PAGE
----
Classes of Blood Cells
The blood is made up of blood cells in a liquid called plasma. Blood cells are made in the bone marrow. Bone marrow is the soft, spongy area inside most bones.
Three Main Classes of Blood Cells
Red blood cells (or erythrocytes): Red blood cells carry oxygen from the lungs to all the tissues in the body. Red blood cells also remove the carbon dioxide waste produced by cells and bring it to the lungs to be exhaled. A low number of red blood cells is called anemia. A person with anemia may feel tired, weak, and/or short of breath.
White blood cells (or leukocytes): White blood cells work as part of the immune system to help the body fight infections.
The main types of white blood cells are:
- Lymphocytes — These are discussed on the following page.
- Granulocytes — There are three types of granulocytes: neutrophils, basophils, and eosinophils. Neutrophils help fight bacterial infections. A low number of neutrophils in the blood is called neutropenia. People with neutropenia are more likely to get infections (mostly bacterial infections) than people with normal numbers of neutrophils. Basophils are cells that take part in inflammatory reactions. Eosinophils also help fight infections — particularly those caused by parasites — and they can become plentiful during allergic reactions.
- Monocytes — These also play an important role in immunity and are usually the first cells to recover after an episode of neutropenia.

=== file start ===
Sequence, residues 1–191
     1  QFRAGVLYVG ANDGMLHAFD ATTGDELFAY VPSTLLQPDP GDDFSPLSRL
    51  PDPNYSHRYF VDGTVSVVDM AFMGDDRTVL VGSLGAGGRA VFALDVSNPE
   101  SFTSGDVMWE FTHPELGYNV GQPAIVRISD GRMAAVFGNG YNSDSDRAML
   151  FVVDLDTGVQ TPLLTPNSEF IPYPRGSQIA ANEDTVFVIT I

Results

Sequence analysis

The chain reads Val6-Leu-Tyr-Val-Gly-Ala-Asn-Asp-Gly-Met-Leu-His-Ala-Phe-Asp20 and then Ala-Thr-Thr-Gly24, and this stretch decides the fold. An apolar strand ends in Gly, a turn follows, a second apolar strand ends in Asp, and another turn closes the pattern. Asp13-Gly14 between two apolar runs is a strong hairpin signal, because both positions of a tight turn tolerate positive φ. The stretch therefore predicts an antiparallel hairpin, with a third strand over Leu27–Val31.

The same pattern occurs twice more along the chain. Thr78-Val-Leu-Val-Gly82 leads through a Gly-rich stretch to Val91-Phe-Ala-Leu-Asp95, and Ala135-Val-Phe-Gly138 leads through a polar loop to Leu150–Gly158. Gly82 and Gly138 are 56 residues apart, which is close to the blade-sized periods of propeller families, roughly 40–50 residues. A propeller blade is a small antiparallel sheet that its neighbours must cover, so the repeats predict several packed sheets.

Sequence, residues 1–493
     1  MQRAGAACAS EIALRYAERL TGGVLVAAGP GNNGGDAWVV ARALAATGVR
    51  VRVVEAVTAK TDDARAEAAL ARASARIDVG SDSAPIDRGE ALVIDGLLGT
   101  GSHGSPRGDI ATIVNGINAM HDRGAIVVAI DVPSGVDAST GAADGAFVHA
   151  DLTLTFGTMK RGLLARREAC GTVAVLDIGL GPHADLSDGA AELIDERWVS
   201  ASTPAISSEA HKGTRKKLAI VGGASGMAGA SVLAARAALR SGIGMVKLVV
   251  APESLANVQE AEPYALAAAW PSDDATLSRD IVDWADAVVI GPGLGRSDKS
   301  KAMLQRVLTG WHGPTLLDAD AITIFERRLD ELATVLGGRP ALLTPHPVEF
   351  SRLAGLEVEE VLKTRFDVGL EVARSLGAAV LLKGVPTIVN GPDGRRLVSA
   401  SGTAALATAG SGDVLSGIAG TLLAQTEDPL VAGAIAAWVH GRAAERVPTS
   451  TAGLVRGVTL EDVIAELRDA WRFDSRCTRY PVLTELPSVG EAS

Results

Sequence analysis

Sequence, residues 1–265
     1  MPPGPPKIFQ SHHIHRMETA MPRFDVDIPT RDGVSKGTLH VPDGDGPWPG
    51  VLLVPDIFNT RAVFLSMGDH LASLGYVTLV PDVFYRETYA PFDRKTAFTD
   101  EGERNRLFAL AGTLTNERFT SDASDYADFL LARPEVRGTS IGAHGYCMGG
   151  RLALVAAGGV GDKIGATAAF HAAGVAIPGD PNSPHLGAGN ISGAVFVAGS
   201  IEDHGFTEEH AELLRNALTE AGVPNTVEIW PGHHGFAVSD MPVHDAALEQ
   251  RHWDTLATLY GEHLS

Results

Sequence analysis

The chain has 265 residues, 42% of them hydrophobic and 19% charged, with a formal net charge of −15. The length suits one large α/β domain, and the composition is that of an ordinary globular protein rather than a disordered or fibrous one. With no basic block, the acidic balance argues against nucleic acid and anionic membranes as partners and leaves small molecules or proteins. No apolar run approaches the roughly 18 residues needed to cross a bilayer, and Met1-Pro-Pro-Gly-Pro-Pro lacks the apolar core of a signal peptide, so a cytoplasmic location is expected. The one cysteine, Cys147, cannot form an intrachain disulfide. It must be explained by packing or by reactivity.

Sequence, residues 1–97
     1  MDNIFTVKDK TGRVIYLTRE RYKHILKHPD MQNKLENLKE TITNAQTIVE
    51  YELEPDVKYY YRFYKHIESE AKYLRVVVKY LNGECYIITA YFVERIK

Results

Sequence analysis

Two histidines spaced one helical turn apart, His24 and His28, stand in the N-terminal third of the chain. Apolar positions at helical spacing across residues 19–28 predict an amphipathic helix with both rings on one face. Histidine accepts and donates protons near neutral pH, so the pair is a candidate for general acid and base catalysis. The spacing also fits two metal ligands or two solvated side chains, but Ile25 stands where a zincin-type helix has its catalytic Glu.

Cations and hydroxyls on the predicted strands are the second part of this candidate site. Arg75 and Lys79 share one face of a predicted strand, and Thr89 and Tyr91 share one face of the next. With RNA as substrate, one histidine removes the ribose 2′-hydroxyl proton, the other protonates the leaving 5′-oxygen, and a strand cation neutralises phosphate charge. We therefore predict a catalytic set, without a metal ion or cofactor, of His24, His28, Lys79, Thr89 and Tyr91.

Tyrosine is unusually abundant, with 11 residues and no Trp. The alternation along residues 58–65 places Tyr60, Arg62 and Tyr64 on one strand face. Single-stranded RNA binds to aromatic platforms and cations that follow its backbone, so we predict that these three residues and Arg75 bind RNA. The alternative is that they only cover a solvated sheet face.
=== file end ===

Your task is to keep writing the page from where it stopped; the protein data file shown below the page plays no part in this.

Platelets (or thrombocytes): Platelets are cell fragments produced by cells in the bone marrow. They can stop bleeding from broken blood vessels by sticking together to form a blood clot. A low number of platelets is called thrombocytopenia. People with thrombocytopenia are more likely to bruise and bleed with minor trauma. They are also more likely to have severe and recurring nosebleeds and bleeding gums.
Because blood cells have a limited lifespan, the body needs to constantly replenish its supply of these cells. The average red blood cell lives for about 120 days; most white blood cells have a much shorter lifespan, ranging from a few hours to a few weeks. New blood cells are made by hematopoietic (blood-forming) stem cells, which are immature (non-specialized) cells that can develop into any kind of blood cell. Hematopoietic stem cells are found mainly in the bone marrow (the spongy, fatty material inside large bones such as the pelvis, vertebrae, and ribs).
Although, the white blood cells are the only class of blood cells that are a part of the immune system, it is important to understand that red blood cells and platelets play an important role in monitoring an individual’s health.
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